Kissing frogs. Eating ice cream. Ziplining to school. These are just a few ways Australian artist and technologist Natalie Jeremijenko wants you to help the environment. The New York University professor seeks to use new technologies, generally manufactured by large corporations and the military, and use those technologies for social and environmental good.
“I’m not a science fiction writer,” says Jeremijenko, who runs NYU’s Environmental Health Clinic, where students receive prescriptions for improving environmental health. “The more radical way to redesign socioecological systems is to understand that we are designing within complex systems, and we have very specific opportunities that we can use and exploit that require participation, not fascist bullying, and engaging the imagination. I know it works to engage people’s imagination.”
Her recent work revolves around re-imagining flight and food systems. Flight is one of the most environmentally harmful things that we do, and while Jeremijenko says algae fuels provide incremental improvements, she wants to radically re-think urban mobility. Piggybacking on the FAA-approved light sport aircraft and easily attainable sport pilot license, she wants to use ziplines and the newly released Icon A5, a personal plane that can land on water, to build less harmful and environmentally beneficial flight solutions.
At the San Jose biennial, Jeremijenko installed a wetlanding zipline downtown. By landing in wetlands, she hopes that one day we might be able to restore these native areas that so many American airports have destroyed in favor of building runways. With the advent of new planes that can land on water, she wants to market a wetlanding strip to go with these planes. The zipline demonstrates how reconstructing the wing shape and changing the landing location can help the environment.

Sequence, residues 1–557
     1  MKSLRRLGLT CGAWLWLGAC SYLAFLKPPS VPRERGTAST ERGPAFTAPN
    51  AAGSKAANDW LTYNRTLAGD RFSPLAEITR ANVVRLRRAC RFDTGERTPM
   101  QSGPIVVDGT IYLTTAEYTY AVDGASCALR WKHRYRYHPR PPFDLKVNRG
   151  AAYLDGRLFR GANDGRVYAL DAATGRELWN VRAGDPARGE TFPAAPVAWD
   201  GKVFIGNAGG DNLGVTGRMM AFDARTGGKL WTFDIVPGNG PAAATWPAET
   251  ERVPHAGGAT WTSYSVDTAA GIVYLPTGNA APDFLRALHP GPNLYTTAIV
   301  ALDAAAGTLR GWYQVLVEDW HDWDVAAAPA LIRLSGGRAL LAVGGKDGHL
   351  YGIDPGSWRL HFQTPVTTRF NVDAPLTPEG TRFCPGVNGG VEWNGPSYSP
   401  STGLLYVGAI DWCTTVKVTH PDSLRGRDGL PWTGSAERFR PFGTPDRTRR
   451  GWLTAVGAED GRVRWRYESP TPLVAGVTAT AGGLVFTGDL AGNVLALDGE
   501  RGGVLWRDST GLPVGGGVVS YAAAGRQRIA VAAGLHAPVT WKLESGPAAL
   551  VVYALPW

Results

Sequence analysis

“My kids want to be able to zipline to school,” Jeremijenko says. “And from a parent’s point of view, it’s a safe, emissionless, quiet [way] that’s actually much safer than going in a car or any other method.”
Jeremijenko’s food research also focuses on the wetlands, and she runs the Cross(x)Species Adventure Club, which creates culinary concoctions that are delicious for both humans and animals. The foods also encourage human and animal interaction, contrary to those omnipresent “Do Not Feed the Animals” signs at every national park. For wet kisses, an edible marshmallow cocktail, Jeremijenko and her team inject lividium, which produces anti-fungal agents, into marshmallow fluff. When frogs have these anti-fungal agents on their skin they can fight the deadly chytrid fungus, which is a large factor in the extinction of amphibians.
“When you bite into the marshmallow, your lips are inoculated with the lividium,” she explains. “You are equipped to kiss the frog and protect them from this deadly fungus.”
Jeremijenko’s work has been featured at the 2006 Whitney Biennial of American Art and the Cooper-Hewitt Smithsonian Design Triennial 2006-7. Other projects include fishing with nutritious lures that contain mercury-fighting agents, and ice cream made from water buffalo milk, a creamier delicacy that will create a demand for wetland water buffalo grazing, thereby strengthening their environments. For Jeremijenko, environmentalism is not a passive act of cutting back, it’s all about getting out there and doing more.
“How do we use this massive force of people as a social good, instead of this whole idea that environmentalism is all about…do less, reduce your carbon footprint?” Jeremijenko asks. “I’ve had two students independently come to me and say I care about the environment; I think I should commit suicide. Of course it’s the logical extension: They’ll have a smaller carbon footprint if they commit suicide. [It’s a] whole paradigm of what we can do less of, versus what we can do and how we can make it good.”